Only one person in the world can beat a Phantom Abyss dungeon

We got our first glimpse at Phantom Abyss a few weeks ago, but were given a longer look today during the Summer Game Fest. And the longer you look, the cooler it sounds.

In Phantom Abyss, players run, jump, and swing with a whip through a procedurally generated temple filled with deadly traps in hopes of finding and stealing a precious relic. It's an asynchronous multiplayer game, so you're not all in there together—instead, you see the other players as phantoms, the ghosts of people who have entered the tomb before you. Follow a phantom if you think they'll lead you safely around the traps, but keep in mind they all most likely perished, so any ghost you shadow could be leading you to your doom. 

And if you die in a temple, you're done. You'll never get another chance to complete that temple ever again.

It sounds a bit like a Spelunky daily challenge, where everyone is given the same procedurally generated map and has one life to complete it. The difference here is, there will only be a single player who ever does. Unlike Spelunky, where everyone theoretically has the ability to finish a daily challenge, in Phantom Abyss, when someone finally grabs the relic, the tomb is immediately sealed off forever. That one player will be the only player who ever finished that temple successfully. It's a leaderboard of one.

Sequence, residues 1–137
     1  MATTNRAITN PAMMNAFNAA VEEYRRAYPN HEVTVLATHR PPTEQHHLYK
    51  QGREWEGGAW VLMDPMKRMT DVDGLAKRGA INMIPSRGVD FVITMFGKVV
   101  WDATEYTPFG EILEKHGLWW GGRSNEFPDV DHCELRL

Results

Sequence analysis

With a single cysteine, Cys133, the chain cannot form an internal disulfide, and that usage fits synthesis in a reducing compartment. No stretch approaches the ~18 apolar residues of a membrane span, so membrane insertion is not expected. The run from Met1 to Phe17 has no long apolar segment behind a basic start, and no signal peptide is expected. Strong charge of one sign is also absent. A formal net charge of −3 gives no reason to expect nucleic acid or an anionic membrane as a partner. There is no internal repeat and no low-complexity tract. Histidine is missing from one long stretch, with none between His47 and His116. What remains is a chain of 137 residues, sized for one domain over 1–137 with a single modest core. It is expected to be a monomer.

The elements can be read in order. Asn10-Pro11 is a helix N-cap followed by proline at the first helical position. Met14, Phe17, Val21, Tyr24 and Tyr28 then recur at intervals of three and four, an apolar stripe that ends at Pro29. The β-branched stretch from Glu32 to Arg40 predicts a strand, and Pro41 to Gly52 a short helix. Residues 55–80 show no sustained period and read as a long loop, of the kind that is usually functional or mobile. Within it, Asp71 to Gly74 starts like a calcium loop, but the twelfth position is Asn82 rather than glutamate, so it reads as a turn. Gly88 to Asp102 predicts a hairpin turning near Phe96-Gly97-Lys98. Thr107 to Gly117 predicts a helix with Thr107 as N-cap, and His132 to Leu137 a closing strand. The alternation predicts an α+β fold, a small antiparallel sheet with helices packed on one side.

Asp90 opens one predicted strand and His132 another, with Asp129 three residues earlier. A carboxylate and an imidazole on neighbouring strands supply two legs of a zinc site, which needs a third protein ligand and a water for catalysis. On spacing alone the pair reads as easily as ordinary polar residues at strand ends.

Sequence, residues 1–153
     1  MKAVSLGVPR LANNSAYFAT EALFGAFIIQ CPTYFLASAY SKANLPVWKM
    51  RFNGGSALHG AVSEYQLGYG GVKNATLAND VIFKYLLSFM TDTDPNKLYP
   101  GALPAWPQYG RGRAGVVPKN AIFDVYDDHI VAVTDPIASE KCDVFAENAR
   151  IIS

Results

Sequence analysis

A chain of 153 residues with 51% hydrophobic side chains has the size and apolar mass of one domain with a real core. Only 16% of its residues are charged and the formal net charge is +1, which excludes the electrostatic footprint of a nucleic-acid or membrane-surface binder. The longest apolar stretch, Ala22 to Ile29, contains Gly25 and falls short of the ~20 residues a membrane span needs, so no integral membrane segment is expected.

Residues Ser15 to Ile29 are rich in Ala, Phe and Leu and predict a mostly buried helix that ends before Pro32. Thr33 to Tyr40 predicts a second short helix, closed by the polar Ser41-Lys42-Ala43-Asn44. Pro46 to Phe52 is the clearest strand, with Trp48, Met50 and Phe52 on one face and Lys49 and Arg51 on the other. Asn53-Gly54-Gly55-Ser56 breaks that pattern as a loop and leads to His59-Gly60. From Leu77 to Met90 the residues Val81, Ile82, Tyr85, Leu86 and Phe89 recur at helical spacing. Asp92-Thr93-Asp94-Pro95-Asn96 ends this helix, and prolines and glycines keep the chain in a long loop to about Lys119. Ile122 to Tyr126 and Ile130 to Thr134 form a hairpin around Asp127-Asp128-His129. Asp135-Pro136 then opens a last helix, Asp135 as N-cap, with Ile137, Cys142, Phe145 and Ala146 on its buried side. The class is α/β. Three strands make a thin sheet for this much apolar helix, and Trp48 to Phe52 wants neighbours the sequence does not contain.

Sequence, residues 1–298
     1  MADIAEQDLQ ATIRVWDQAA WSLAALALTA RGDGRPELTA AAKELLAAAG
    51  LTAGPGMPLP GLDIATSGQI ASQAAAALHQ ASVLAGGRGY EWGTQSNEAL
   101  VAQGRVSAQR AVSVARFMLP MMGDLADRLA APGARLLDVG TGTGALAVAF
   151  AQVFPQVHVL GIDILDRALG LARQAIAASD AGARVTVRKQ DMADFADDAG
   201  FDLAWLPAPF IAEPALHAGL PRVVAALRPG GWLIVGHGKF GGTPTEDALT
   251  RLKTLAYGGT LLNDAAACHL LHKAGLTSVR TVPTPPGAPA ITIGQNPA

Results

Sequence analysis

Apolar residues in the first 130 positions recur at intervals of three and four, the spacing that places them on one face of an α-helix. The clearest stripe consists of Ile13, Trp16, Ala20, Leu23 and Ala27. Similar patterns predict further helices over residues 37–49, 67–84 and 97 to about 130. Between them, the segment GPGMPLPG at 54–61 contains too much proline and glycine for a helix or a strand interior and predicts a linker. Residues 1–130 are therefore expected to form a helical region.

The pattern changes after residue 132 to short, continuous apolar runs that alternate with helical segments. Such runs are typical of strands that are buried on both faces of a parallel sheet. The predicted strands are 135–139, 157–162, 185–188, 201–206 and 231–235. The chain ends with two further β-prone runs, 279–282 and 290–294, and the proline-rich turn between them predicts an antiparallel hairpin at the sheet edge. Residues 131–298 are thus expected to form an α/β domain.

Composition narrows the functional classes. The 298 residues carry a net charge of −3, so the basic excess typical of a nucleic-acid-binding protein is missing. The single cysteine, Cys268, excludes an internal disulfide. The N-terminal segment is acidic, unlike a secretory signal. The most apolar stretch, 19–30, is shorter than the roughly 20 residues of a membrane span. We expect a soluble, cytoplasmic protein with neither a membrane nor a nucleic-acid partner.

Along with traps, there's a temple guardian, and the deeper you go into the dungeon, the madder it gets. Survive long enough and you won't just have to worry about traps but a pissed-off monster chasing you. You'll also come across new kinds of whips to use, and find coins to spend on "powerful blessings." I have no idea what those entail, but I think you're gonna need all the help you can get. Phantom Abyss enters Steam Early Access this month.

Christopher Livingston
Staff Writer

Chris started playing PC games in the 1980s, started writing about them in the early 2000s, and (finally) started getting paid to write about them in the late 2000s. Following a few years as a regular freelancer, PC Gamer hired him in 2014, probably so he'd stop emailing them asking for more work. Chris has a love-hate relationship with survival games and an unhealthy fascination with the inner lives of NPCs. He's also a fan of offbeat simulation games, mods, and ignoring storylines in RPGs so he can make up his own.